24 from GLARE by A.R. Ammons

I am so ill-stanchioned myself, you
know, just me, that I can’t get on

without like, going to work, getting
away from myself into the affairs

of others, the elevator slowing and
catching still on the remnants of

old floors, plunging easing up: I’m
always hungry for compliments, anything

to bolster me lofty: I consume compliments
like bricks tossed into a black hole

for bottom, a solid floor,
but it all oozes away, undermined

by an oily, massive slip: I
should go in the brick business: I

might help myself out a little: I
should throw chunks of old foundation

in there, the steel rods ciliating
concrete: a few bales of ginned

cotton, absorbencies: a couple of
barrels of sticky-wicky: some jungle

temples: a ridge off the top of the
Rockies: that little peninsula that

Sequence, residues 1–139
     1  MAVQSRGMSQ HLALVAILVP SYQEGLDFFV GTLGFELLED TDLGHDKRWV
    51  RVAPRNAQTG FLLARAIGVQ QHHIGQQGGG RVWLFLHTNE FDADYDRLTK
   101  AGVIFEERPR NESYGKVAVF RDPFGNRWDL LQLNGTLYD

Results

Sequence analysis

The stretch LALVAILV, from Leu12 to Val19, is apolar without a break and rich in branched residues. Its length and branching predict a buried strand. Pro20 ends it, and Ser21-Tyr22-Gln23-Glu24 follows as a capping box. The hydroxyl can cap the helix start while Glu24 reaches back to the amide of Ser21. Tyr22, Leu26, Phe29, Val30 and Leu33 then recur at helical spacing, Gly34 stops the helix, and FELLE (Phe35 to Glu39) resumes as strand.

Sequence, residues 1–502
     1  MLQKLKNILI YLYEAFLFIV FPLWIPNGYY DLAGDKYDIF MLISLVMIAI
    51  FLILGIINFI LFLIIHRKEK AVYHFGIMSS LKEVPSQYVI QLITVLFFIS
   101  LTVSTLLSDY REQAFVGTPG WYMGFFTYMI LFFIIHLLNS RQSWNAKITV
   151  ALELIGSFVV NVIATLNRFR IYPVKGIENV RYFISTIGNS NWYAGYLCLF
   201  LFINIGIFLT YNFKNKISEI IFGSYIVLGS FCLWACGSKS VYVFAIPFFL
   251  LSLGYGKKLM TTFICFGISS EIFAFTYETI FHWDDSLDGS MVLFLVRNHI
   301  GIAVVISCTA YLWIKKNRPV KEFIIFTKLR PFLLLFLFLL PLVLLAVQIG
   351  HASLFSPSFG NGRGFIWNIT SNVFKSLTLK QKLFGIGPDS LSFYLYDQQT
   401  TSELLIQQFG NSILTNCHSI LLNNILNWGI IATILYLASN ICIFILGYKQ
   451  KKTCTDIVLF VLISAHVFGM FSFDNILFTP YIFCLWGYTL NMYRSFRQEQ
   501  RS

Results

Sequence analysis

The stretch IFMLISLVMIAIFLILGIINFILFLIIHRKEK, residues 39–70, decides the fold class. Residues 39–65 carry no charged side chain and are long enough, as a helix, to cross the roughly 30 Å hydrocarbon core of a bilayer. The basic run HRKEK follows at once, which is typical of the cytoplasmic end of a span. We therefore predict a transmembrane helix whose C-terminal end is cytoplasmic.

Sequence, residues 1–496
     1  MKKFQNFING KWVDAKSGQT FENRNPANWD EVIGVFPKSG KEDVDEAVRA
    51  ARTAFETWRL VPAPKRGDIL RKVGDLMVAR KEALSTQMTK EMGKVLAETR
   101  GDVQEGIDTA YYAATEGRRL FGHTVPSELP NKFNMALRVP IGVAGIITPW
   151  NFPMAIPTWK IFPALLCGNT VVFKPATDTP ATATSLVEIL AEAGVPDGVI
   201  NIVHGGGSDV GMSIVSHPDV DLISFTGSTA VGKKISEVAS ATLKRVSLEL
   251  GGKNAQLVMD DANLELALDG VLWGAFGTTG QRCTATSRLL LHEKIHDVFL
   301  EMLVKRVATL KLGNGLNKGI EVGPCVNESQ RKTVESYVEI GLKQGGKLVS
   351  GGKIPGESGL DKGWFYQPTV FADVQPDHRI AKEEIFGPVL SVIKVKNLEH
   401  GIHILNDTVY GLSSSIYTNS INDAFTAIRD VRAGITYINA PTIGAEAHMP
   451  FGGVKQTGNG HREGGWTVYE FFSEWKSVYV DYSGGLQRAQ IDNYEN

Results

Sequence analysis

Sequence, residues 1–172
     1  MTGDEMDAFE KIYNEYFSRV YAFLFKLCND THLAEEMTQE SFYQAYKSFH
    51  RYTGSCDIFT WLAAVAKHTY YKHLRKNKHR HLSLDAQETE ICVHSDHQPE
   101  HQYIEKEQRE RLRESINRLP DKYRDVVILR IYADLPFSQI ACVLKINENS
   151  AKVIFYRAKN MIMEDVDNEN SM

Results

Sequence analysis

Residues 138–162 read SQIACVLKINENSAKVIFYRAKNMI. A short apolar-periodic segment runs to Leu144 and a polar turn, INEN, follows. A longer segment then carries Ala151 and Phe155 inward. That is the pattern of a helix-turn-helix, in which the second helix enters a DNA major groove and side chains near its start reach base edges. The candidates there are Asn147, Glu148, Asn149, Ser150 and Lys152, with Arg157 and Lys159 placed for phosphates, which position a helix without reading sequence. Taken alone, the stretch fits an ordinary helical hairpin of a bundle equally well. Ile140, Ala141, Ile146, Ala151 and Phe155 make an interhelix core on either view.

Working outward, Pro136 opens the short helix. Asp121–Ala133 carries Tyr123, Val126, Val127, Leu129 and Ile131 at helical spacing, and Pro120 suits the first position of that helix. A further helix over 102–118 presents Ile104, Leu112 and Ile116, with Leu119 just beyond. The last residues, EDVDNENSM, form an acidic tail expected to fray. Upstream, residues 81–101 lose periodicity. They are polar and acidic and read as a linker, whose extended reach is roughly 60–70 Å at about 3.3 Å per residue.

reaches out from–oh, well: sub-
continent? where there is no love

nothing will take root: the hollow
will not fill: earth’s walkabout

will not arise: steps leading up
will not surprise: dreams will

not fog off the higher elevations of
ascension: what is left, after love,

to live with? anger, guilt, anxiety:
I speak not just of the loves of

thighs but of the love of another
more, say, than of oneself: there

are those whom to lose soaks direction
out of the tree boughs, prevents

snow from settling in the granite
crevices, makes daylight an odd

visitor: the stanchions give in,
wither like sea oates in a hurricane:

and then all the world cannot fill
the hole which becomes a trillion

miles of nothing

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